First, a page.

Now that the Gauntlet -- through our brilliant editorial -- has successfully convinced you that paying for quality content is reasonable and that The New York Times' paywall isn't an act of evil, we'll show you how to completely circumvent it.
The paywall is surprisingly well thought-out, lacking the disconnect traditional media has always had with the Internet. Not stifling the traffic from social media and allowing a total of five redirects from search engines every day is such a startlingly good way of not alienating non-subscribers the way paywalls often do.
By only targeting people who actively go The New York Times as their primary news source, they're keeping themselves an active member of the social media.
Of course this same search-referral permits frugal users to view a total of 160 stories in a 28-day span for free if they're cheap enough to deal with the inconvenience.
The paywall's problems almost entirely reside in its payment structure, making that inconvenient option much more palpable. That one can expect to pay $15 every four weeks for to view the website on an iPad and iPhone through the devices' Safari browser makes sense, but being expected to pay another $20 -- more than the cost of the basic subscription itself -- just to use the native app for a smoother experience is unjustified.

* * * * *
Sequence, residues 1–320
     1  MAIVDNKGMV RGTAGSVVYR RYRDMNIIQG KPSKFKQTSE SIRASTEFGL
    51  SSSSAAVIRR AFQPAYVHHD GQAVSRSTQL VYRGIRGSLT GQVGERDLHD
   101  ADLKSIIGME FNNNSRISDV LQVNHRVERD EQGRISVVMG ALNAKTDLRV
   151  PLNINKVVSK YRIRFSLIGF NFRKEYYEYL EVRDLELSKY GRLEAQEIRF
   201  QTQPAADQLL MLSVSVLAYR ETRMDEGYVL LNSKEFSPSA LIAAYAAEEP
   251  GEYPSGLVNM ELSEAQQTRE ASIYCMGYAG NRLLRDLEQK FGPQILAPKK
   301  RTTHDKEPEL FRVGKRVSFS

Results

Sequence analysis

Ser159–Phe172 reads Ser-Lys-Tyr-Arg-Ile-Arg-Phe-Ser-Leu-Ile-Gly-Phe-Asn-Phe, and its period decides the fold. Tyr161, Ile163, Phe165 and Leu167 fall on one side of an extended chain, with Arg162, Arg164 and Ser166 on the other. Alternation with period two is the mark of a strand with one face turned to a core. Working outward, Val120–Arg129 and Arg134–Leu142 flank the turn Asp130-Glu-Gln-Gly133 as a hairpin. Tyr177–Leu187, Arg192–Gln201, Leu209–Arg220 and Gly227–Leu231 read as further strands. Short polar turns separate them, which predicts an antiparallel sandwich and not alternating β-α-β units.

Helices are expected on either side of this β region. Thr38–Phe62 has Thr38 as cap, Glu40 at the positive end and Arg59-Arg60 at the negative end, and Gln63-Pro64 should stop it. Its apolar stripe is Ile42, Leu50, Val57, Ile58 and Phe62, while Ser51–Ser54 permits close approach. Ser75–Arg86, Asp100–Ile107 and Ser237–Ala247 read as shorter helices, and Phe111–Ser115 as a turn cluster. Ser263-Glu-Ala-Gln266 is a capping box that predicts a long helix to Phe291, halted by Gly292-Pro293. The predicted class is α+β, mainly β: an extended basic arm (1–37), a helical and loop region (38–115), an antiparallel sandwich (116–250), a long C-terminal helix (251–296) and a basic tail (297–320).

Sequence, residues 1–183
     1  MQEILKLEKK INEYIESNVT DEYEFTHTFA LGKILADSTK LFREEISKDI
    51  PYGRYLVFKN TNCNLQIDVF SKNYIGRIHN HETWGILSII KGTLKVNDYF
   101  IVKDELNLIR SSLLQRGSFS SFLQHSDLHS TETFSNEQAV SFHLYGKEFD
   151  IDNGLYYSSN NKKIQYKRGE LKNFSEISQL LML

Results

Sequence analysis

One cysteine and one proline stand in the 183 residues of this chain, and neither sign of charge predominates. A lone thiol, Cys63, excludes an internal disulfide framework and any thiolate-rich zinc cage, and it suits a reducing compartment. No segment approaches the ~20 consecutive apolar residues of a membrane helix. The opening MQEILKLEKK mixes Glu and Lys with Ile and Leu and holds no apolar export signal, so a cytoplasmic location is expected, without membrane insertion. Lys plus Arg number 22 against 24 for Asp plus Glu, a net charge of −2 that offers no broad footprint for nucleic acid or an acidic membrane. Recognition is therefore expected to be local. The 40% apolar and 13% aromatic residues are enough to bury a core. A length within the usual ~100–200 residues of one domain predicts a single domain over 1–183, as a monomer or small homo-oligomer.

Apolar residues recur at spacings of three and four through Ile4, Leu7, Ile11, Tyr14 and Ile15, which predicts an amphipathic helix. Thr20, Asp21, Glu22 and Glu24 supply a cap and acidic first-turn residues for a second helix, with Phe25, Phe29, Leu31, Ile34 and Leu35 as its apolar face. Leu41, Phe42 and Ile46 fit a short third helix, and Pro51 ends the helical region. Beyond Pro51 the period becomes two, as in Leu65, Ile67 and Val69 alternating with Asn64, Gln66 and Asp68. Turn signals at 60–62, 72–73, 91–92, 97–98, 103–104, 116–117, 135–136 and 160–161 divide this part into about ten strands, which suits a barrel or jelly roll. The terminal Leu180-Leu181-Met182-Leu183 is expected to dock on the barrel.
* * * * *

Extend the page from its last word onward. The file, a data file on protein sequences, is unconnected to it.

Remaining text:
Both The New York Times and their users would benefit from a simpler, device agnostic approach to pricing. Users would feel less gouged and The Times is less likely face resistance in their paywall while providing a better experience.
As far as the moral standing of sidestepping a paywall, it's hard to espouse the traditional technophile's want for of total information freedom on the Internet in the face of such an unreasonably accommodating annoyance. Of course, as a technophile, the cookie-induced, semi-transparent div tag that makes up the paywall isn't much of a hindrance. And that's why you're here, cheap jerk.
A number of ways of circumventing this paywall have been discovered by enterprising high-schoolers which range in complexity from DOM manipulation to simply modifying the URL in your browser.
Inspect the element that is the paywall and delete it. It's the last div tag in the html's body. If you don't know what that means, you might want to keep moving down this list.
For the Sesame Street inclined, you could sadden everyone's favourite monster by deleting your cookies. If you don't delete only The New York Times' cookie, you'll have to re-enter all the passwords you haven't saved to browser, which should be all of them.
See the ugly, untweetable address up in the address/omni/awesome bar? Try backspacing over everything after the ".html" and resubmit to see the story.
You could always just pay. These are hard-working people who honestly believe they deserve your money. They might be on to something. I can't believe I just said that.